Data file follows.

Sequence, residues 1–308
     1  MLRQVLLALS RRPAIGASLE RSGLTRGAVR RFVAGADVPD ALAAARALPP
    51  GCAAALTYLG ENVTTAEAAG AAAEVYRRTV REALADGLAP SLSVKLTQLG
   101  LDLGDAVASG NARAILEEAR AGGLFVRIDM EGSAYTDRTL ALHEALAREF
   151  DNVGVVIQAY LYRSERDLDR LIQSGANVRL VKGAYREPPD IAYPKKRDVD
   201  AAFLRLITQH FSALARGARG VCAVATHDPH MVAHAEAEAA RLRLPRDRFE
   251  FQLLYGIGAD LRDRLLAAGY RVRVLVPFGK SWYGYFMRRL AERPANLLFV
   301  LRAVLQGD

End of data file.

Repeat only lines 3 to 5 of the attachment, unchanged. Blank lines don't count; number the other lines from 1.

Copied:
    51  GCAAALTYLG ENVTTAEAAG AAAEVYRRTV REALADGLAP SLSVKLTQLG
   101  LDLGDAVASG NARAILEEAR AGGLFVRIDM EGSAYTDRTL ALHEALAREF
   151  DNVGVVIQAY LYRSERDLDR LIQSGANVRL VKGAYREPPD IAYPKKRDVD